What are the Natural Gas Odorization Regulations?

What are the natural gas odorization regulations? Plain and simple, in the U.S., any odorless gas within a distribution or transmission line (exceptions noted in the rules*) must contain odorant at the level of 20% or 1/5 the lower explosive limit so that a person with an ordinary sense of smell can detect it.

These natural gas odorization regulations are mandated by the Public Safety Regulations of the Department of Transportation in section 192.625. I’ve published them here for you to see.

regulationsNatural Gas Odorization Regulations


 Subpart L: Operations

192.625 – Odorization of gas.

(a) A combustible gas in a distribution line must contain a natural odorant or be odorized so that at a concentration in air of one-fifth of the lower explosive limit, the gas is readily detectable by a person with a normal sense of smell.

What are the Natural Gas Odorization Regulations?

MercapMan says, “Odorant is added to gas so that it smells and you take action!”

(b) After December 31, 1976, a combustible gas in a transmission line in a Class 3 or Class 4 location must comply with the requirements of paragraph (a) of this section unless:

(1) At least 50 percent of the length of the line downstream from that location is in a Class 1 or Class 2 location;

(2) The line transports gas to any of the following facilities which received gas without an odorant from that line before May 5, 1975;

(i) An underground storage field;

(ii) A gas processing plant;

(iii) A gas dehydration plant; or

(iv) An industrial plant using gas in a process where the presence of an odorant:

(A) Makes the end product unfit for the purpose for which it is intended;

(B) Reduces the activity of a catalyst; or

(C) Reduces the percentage completion of a chemical reaction;

(3) In the case of a lateral line which transports gas to a distribution center, at least 50 percent of the length of that line is in a Class 1 or Class 2 location; or

(4) The combustible gas is hydrogen intended for use as a feedstock in a manufacturing process.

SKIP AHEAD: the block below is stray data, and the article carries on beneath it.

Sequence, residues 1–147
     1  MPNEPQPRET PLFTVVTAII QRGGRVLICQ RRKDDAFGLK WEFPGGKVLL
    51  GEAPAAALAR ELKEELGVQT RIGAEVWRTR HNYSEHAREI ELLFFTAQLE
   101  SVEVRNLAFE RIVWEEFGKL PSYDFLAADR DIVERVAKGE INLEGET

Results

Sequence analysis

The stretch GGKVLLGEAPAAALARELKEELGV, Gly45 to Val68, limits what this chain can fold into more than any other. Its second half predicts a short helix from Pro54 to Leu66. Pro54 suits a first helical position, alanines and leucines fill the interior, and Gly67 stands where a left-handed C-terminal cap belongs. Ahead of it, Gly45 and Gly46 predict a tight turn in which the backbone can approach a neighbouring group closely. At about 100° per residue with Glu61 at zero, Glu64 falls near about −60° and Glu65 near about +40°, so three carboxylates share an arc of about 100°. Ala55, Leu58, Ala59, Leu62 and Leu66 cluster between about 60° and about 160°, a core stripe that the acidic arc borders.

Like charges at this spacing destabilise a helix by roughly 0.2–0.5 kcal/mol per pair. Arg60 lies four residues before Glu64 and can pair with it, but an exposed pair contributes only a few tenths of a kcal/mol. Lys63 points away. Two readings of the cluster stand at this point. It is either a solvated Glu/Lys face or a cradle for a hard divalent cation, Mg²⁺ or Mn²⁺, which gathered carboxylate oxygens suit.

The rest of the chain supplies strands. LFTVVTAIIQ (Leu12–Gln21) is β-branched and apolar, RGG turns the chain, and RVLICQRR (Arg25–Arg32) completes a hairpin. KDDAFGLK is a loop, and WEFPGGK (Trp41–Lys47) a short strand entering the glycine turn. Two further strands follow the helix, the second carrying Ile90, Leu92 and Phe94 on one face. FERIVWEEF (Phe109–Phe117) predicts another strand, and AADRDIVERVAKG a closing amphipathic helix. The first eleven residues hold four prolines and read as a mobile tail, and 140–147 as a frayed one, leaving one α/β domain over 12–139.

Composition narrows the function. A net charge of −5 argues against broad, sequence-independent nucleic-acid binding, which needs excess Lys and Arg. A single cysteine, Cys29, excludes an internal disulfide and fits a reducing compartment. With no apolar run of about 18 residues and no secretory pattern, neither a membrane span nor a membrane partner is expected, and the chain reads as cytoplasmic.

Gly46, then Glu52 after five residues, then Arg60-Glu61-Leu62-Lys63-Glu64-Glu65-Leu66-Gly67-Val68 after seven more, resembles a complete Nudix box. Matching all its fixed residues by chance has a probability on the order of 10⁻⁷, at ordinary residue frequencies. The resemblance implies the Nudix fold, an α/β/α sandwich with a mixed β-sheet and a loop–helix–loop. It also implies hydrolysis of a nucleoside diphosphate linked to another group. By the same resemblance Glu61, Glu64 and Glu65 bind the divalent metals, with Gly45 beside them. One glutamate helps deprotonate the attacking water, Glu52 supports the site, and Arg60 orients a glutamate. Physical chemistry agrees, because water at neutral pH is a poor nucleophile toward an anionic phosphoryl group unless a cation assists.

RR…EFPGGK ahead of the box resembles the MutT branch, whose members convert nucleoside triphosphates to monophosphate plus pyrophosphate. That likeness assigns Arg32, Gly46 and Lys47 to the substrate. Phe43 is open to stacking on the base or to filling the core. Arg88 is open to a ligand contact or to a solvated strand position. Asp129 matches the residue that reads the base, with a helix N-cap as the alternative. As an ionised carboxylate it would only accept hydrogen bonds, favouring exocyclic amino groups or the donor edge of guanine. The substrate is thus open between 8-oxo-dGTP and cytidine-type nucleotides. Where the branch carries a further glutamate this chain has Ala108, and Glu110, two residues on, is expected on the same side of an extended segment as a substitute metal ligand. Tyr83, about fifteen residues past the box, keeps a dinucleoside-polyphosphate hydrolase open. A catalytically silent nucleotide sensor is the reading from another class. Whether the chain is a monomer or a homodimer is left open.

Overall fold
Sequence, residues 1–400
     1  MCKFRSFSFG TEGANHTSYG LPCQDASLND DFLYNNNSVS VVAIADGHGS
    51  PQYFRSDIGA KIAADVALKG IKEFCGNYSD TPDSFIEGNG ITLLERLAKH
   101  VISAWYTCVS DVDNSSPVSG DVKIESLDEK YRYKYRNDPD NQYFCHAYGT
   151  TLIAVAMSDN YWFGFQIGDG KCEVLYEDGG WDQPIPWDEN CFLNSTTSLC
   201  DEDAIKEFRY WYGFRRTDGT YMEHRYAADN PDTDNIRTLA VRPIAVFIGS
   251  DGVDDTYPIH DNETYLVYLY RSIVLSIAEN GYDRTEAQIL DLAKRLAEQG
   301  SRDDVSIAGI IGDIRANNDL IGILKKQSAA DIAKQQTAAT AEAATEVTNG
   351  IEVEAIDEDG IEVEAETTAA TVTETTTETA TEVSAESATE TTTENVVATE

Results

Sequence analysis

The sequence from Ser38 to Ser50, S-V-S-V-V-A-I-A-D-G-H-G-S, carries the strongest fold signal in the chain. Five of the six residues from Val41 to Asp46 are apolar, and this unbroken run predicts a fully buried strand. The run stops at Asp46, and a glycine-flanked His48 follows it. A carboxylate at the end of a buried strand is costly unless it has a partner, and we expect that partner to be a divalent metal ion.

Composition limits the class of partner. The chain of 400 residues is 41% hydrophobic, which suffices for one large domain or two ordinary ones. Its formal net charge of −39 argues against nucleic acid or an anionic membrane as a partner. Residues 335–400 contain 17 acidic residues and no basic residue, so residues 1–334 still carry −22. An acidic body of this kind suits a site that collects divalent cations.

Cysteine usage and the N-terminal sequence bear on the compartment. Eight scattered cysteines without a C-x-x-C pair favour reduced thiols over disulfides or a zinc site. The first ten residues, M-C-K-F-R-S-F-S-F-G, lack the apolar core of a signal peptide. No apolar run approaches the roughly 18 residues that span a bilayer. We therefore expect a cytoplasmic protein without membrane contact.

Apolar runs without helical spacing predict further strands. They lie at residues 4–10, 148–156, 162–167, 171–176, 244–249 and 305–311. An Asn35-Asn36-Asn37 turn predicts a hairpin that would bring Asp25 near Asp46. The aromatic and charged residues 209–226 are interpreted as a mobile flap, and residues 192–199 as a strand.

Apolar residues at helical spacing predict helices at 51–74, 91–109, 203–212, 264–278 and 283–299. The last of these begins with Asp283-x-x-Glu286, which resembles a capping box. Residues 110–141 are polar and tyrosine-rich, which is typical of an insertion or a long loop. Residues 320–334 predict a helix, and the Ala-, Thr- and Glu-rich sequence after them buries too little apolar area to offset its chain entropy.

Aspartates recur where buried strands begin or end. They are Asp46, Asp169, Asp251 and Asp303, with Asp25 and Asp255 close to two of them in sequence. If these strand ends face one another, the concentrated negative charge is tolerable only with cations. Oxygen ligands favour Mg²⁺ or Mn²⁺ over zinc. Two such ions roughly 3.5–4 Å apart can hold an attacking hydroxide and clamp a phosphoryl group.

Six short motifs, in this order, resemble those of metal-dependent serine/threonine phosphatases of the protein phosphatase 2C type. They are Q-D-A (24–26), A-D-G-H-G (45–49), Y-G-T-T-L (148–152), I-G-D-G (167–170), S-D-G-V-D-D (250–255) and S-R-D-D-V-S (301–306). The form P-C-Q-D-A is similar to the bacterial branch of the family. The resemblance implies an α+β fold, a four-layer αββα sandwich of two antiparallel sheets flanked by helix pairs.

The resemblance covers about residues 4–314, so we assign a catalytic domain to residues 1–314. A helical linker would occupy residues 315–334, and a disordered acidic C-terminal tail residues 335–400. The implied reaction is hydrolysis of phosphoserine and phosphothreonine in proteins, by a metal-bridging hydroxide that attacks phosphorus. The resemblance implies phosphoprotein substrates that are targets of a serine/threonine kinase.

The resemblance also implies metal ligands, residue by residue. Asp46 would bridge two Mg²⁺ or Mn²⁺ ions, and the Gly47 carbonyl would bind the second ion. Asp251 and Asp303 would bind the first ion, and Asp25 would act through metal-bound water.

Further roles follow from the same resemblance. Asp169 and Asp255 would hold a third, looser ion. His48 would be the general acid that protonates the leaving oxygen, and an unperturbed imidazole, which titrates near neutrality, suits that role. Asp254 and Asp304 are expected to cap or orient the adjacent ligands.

(c) In the concentrations in which it is used, the odorant in combustible gases must comply with the following:

(1) The odorant may not be deleterious to persons, materials, or pipe.

(2) The products of combustion from the odorant may not be toxic when breathed nor may they be corrosive or harmful to those materials to which the products of combustion will be exposed.

(d) The odorant may not be soluble in water to an extent greater than 2.5 parts to 100 parts by weight.

(e) Equipment for odorization must introduce the odorant without wide variations in the level of odorant.

(f) To assure the proper concentration of odorant in accordance with this section, each operator must conduct periodic sampling of combustible gases using an instrument capable of determining the percentage of gas in air at which the odor becomes readily detectable. Operators of master meter systems may comply with this requirement by –

(1) Receiving written verification from their gas source that the gas has the proper concentration of odorant; and

(2) Conducting periodic “sniff” tests at the extremities of the system to confirm that the gas contains odorant.

[35 FR 13257, Aug. 19, 1970]

Natural Gas Odorization Reference:

What are the Natural Gas Odorization Requirements or … (n.d.). Retrieved from https://www.lincenergysystems.com/linc-energy-blog/entry/natural-gas-odorization-requirements

  • Andreas Woldegiorgis

    Are there any regulations put in place regarding the odorization of LPG on the EU market? I am aware of the legal requirements in the US that 25.14 ppm of ethyl mercaptan (ethan thiol) shuld be added to the LPG.

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